David Gleeson over at exchristian.net wants to correct common misconceptions about atheism. Unfortunately he ends up perpetuating a major misconception of his own, and also messes up a little Greek. Commenting on the very first alleged misconception, he says:
1. Atheism is the belief that no gods exist.
This statement’s ubiquity is exceeded only by its utter falseness; not only is it misleading, but it is the complete opposite of the truth.
The word ‘atheism’ comes from the Greek prefix ‘a’, meaning without, and ‘theist’, meaning having a belief in a supernatural deity. Atheism, therefore, literally means “without theistic belief”. Atheism does not positively assert anything; rather, it is a statement of withheld belief.
Atheists, therefore, do not positively assert that gods do not exist. Atheists simply withhold belief in said gods because the evidence is not sufficient to warrant the belief. This is not to say that there isn’t sufficient reason to believe that certain gods do not exist. There is. But to categorically deny the existence of all gods would require a leap of faith that is anathema to a true atheist. Atheism requires no such leap.
I’ll start with the way that the writer gets his Greek wrong. “Theist” is an English word. It is a word derived from the Greek word theos, which means god. A theist is a person who believes that there is a god (i.e. they believe there is a theos) – not a person who believes that there is a theist (i.e. who believes that theism exists). Similarly, polytheist is an english word made from two Greek roots: polu means “many,” and theos, “god.” so a polytheist believes that there are many gods – not that there are many theists or many theisms (this would be to confuse Greek and English, since theist and theism are English words). The Greek prefix a means “no” or “not.” When affixed to Greek nouns, it generally indicates a denial of that noun. For example, something is amorphous if it has no shape (morphe is the Greek word for shape). Ablepsia is another name for blindness, and it means no sight (a means “no” and blepsis means “sight”). Nobody versed in Greek would ever doubt this, so Mr Gleeson has simply made a mistake. The English word Atheism, based on its Greek derivation, if we rely on derivation / etymology (as Mr Gleeson, for better or worse, does), does not mean “no theism” or “not theism.” Like theism and polytheism, atheism refers to a belief, namely the belief that there is no (a) God (theos).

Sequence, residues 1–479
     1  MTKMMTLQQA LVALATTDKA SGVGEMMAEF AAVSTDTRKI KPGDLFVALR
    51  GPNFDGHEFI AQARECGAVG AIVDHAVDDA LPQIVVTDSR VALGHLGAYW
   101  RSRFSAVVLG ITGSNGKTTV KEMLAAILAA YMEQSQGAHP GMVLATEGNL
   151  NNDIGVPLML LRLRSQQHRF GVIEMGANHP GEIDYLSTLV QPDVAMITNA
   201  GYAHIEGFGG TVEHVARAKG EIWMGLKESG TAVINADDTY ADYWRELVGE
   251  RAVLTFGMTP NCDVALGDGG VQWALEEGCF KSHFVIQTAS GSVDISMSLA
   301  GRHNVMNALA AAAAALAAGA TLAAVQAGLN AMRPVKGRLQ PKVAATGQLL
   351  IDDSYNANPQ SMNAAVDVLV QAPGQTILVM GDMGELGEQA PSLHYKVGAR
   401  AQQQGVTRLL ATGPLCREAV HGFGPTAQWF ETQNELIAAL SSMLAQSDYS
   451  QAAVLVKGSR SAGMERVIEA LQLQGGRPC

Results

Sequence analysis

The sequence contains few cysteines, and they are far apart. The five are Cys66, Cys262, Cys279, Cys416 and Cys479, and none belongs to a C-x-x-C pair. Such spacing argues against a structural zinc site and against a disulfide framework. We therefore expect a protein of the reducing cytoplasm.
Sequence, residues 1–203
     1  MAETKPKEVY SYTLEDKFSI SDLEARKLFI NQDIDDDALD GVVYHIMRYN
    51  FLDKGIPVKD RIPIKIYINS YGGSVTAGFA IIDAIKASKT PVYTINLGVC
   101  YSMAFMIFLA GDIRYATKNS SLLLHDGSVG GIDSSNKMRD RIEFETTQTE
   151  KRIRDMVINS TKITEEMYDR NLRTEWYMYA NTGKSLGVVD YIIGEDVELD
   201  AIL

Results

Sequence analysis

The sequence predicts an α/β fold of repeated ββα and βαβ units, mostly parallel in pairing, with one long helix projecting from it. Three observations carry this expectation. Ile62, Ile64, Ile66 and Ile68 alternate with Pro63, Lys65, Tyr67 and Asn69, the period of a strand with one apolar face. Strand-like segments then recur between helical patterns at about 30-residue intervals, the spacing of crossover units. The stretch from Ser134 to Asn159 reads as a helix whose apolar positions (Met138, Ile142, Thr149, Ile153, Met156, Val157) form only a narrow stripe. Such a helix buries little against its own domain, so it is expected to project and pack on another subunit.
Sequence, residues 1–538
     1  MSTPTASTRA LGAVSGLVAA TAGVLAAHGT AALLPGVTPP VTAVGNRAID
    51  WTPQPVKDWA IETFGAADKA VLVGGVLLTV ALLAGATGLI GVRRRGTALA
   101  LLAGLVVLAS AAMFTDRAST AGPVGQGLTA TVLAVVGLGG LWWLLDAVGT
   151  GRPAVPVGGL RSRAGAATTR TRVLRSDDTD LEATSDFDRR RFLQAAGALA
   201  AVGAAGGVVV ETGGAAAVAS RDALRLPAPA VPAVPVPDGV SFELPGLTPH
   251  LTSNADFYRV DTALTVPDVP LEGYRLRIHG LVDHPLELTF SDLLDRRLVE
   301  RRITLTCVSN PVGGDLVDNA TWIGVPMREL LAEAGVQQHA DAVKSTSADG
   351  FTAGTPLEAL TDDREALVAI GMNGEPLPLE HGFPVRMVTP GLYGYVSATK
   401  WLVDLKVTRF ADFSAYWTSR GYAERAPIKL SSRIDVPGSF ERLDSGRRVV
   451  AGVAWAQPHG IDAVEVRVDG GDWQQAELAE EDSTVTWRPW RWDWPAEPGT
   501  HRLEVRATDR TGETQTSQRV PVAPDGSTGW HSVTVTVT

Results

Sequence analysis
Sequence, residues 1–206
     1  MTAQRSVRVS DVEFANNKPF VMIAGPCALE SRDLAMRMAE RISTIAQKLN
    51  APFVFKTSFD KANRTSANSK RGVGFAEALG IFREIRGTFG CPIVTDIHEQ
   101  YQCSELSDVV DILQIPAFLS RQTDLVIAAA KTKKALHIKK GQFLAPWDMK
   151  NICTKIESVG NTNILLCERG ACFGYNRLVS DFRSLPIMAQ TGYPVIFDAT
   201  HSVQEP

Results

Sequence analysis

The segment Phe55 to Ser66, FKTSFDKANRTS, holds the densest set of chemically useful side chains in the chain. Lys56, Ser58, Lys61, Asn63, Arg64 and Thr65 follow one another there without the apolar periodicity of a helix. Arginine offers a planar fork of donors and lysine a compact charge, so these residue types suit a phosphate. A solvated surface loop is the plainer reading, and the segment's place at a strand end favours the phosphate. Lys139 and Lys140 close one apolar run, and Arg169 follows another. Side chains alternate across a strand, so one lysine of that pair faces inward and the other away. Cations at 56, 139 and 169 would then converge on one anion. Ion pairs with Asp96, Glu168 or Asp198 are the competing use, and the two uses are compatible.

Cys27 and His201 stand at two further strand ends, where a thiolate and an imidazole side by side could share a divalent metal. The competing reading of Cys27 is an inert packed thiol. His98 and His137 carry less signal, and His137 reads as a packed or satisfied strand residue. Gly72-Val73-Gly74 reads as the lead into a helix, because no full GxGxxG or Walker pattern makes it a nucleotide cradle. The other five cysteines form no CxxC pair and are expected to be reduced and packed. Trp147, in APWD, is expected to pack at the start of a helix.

So he has his Greek wrong when he tries to show what atheism means based on etymology.
Secondly however, Mr Gleeson quite misleads his readers by implying that the claim that atheists deny the existence of God is the opposite of the truth. There’s a good reason that the claim is “ubiquitous” as Mr Gleeson complains. It’s a common claim because it represents an historical fact. The claim is pretty simple to document, as I have done before, but a timely reminder is always, well, timely. Here’s what the Cambridge Dictionary of Philosophy says in it’s entry for atheism:
Atheism (from Greek a-, ‘not’, and theos, ‘god’), the view that there are no gods. A widely used sense denotes merely not believing in God and is consistent with agnosticism. A stricter sense denotes a belief that there is no God; this use has become the standard one.
Mr Gleeson might like the “widely used sense,” because it is epistemically weaker (i.e. it means he doesn’t have to defend anything) and because it’s common among sceptical bloggers for that reason. But the fact remains, it’s not what the word strictly means (notice too how the Greek derivation is explained in the above quote).
The Stanford Encyclopedia of Philosophy says in its entry for atheism and agnosticism that “‘Atheism’ means the negation of theism, the denial of the existence of God.” The more general resource Encyclopedia Britannica says:
Atheism, the critique or denial of metaphysical beliefs in God or spiritual beings. As such, it is the opposite of theism, which affirms the reality of the divine and seeks to demonstrate its existence. Atheism is to be distinguished from agnosticism, which leaves open the question of whether there is a god or not, professing to find the question unanswered or unanswerable; for the atheist, the nonexistence of God is a certainty.
The entry for “Atheism” in the Routledge Enclyclopedia of Philosophy says: “Atheism is the position that affirms the nonexistence of God. It proposes positive belief rather than mere suspension of disbelief.” When Antony Flew, back in his non-theist days, argued for “weak atheism,” namely the belief that theism ought not be affirmed, he did so while quite honestly and openly admitting that “weak atheism” is not the regular meaning of “atheism,” hence the need to add the qualifier “weak.”
So like David Gleeson, I wish people would stop perpetuating misconceptions about what atheism is and is not. Unlike Mr Gleeson however, I’m aware that he is one of the guilty parties.